The young woman was interviewing me for a summer job leading backpacking trips, behind her head is a poster sized photo of “the team,” none looking over 35 look back at me. She seemed to have no clue she was likely breaking the law, engaging in what is now rampant throughout America–age discrimination. I didn’t get the job. Incredible.

I reflect back on an interview I had a few months before with a consulting company, all younger than me, I would guess ranging in age from late 20’s to mid-40’s. One of the young men on the interview panel tells me I remind him “of his mom.” I grimace because I don’t understand why he would say something like this during an interview.

The 40-something leans out to tell him with his eyes to shut up. Nonetheless, there is some probing regarding if I can still do field work. I am obviously in great shape, fit. I have led field expeditions to some remote areas in Alaska. I get pissed off. That our governor is almost 80 years old and age discrimination is now business as usual in California further inflames me. It is so obvious that I offer incredible experience, a solid education, am so capable, am mature! That I am pitted against a 27 year old with no experience…I don’t get it. Someone explain it to me. (Oh, that’s right. I’m “too expensive.”)

When I get home, I get on line, thinking I will file a complaint against them but I am soon confused as hell. Do I contact the Division of Labor Standards Enforcement (DLSE), Equal Employment Opportunity Commission (EEOC), Department of Fair Employment and Housing (DFEH)? I make a few phone calls and finally reach someone at the DLSE. She tells me to definitely file a complaint. She explains the long process, the form, nothing guaranteed…I hang up. Why is the burden ON ME to do this? Explain this to me? I don’t want to work for a company that rejects experience and maturity anyway so I drop the idea, the problem being, they all seem to be discriminating against us now and NOTHING is happening to change it, the general theme of living in America now–nothing happens to change anything unfair, unjust, dishonest, cruel.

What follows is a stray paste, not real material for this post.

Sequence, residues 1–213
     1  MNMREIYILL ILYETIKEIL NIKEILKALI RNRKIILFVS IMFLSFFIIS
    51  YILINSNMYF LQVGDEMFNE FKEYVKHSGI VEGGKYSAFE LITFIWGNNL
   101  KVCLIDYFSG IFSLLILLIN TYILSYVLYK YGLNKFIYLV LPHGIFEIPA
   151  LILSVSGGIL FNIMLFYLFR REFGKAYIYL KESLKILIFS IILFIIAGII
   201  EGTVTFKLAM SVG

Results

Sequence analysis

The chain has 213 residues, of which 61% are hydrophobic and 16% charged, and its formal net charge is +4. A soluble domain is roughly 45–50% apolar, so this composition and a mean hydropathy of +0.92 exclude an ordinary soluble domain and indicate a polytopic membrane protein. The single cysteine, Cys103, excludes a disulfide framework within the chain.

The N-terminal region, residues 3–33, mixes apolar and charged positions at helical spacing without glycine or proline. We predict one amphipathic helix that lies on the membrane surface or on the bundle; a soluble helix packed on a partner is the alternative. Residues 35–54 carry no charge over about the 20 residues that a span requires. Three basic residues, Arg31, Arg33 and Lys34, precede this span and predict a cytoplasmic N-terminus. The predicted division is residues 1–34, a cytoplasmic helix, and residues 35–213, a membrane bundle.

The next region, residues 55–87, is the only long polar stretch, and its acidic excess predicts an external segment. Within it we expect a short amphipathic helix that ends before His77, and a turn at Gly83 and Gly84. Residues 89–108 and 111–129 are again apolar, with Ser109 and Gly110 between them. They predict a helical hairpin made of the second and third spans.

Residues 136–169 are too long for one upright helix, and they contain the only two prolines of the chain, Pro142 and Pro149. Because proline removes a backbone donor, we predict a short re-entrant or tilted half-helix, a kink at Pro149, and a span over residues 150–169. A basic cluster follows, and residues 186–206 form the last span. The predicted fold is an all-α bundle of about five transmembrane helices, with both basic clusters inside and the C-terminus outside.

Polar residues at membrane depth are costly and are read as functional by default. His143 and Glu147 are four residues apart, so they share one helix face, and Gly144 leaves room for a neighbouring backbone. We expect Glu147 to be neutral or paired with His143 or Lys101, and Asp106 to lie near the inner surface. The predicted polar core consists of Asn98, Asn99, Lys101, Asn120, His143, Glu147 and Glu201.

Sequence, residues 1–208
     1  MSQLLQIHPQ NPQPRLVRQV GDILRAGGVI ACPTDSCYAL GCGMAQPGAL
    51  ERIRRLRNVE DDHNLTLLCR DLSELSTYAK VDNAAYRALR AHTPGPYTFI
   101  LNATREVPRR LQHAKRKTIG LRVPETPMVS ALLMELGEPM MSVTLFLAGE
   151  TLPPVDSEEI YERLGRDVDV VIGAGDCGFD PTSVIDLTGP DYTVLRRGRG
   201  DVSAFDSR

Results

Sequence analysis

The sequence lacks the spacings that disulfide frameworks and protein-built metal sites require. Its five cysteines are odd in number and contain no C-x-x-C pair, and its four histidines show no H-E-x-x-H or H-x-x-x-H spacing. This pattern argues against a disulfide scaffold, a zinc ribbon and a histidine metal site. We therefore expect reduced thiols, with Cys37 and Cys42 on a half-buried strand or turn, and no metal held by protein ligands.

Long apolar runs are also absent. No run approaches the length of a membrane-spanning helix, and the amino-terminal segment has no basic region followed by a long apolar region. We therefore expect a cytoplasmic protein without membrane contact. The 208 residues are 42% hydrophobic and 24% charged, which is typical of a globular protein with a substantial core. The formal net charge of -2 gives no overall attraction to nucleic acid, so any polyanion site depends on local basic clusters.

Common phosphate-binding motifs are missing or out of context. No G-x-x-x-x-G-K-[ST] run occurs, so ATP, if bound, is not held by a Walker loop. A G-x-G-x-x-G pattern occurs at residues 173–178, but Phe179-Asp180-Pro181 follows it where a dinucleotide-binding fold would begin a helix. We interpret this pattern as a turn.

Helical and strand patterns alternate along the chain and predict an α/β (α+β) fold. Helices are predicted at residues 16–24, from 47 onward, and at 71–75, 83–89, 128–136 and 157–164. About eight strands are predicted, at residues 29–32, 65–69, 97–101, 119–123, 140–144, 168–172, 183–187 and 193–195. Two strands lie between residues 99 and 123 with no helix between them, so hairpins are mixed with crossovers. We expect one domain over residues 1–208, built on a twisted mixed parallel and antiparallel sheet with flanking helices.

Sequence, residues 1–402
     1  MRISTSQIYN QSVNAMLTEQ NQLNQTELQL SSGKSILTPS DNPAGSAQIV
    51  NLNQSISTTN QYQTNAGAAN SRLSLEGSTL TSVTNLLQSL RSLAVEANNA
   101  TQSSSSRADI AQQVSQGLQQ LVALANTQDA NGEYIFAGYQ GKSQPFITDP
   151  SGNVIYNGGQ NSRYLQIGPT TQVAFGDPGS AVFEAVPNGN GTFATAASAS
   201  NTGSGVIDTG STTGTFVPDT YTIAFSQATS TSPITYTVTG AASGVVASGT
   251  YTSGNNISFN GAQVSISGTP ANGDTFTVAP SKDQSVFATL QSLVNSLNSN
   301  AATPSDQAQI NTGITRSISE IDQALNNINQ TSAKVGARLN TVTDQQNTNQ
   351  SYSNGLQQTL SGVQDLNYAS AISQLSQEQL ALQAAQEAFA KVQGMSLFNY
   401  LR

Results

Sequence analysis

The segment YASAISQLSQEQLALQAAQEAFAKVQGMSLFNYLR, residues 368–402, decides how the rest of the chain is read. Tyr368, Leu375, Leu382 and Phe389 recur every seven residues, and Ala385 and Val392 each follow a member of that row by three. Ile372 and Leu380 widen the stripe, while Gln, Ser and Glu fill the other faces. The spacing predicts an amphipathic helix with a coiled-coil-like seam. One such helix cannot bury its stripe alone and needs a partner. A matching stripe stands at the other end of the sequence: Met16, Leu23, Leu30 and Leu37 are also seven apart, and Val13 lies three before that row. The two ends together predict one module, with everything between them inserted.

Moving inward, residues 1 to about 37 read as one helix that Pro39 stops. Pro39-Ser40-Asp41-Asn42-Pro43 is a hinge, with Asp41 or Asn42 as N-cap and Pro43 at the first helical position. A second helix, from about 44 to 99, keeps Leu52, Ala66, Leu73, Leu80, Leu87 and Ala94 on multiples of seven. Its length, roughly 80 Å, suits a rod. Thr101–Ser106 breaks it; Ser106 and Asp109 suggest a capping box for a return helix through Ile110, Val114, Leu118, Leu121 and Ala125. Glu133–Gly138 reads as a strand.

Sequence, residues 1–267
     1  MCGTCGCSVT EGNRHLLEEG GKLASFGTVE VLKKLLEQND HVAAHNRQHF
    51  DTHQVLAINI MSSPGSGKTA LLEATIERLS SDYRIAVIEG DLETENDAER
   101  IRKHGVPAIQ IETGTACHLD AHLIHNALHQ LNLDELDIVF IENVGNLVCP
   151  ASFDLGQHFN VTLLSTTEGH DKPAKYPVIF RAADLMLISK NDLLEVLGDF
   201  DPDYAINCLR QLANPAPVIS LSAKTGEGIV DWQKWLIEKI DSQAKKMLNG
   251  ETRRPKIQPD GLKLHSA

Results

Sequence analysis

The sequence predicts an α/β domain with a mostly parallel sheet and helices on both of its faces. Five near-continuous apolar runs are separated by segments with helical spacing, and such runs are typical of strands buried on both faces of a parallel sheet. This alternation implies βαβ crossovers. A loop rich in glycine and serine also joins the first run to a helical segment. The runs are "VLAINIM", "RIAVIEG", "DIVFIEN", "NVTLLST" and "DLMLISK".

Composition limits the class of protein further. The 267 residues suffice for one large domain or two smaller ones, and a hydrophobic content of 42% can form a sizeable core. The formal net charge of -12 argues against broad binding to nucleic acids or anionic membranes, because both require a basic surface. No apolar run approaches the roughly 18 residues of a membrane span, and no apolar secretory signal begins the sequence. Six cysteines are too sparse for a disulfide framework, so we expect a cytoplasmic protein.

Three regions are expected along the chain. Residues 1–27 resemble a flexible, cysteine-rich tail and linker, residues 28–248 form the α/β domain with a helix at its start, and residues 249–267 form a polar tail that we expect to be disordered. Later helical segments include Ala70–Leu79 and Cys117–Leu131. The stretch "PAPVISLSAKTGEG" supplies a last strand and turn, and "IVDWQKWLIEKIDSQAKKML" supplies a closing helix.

I fix on a NPR blitz story I heard just a few weeks prior, celebrating the state of Wisconsin’s complete engagement in blatant age discrimination–they have started a “campaign” to attract millennials to the state, throw over their own experienced, mature workers for, let’s face it, cheaper labor, and they’re proud of this. So proud. I make a mental note to research how many of their middle aged population are poverty level, homeless, addicted to opioids, no doubt a few Bachelor, Master’s degrees in there, experience, but who cares if showing them respect by hiring them, paying them what they’re worth might reduce the drug use, the despair. Pump in those millennials goddamn it! Yeah, that’s the answer!

My mind immediately starts its incessant loop again–how I will pay my bills now that my property taxes have gone up $300 in one year. I get back on Craigslist. There’s a food demo job at my local grocery store, $12/hour. I stare at it then angrily shut down my computer, call the dog, and go for a walk.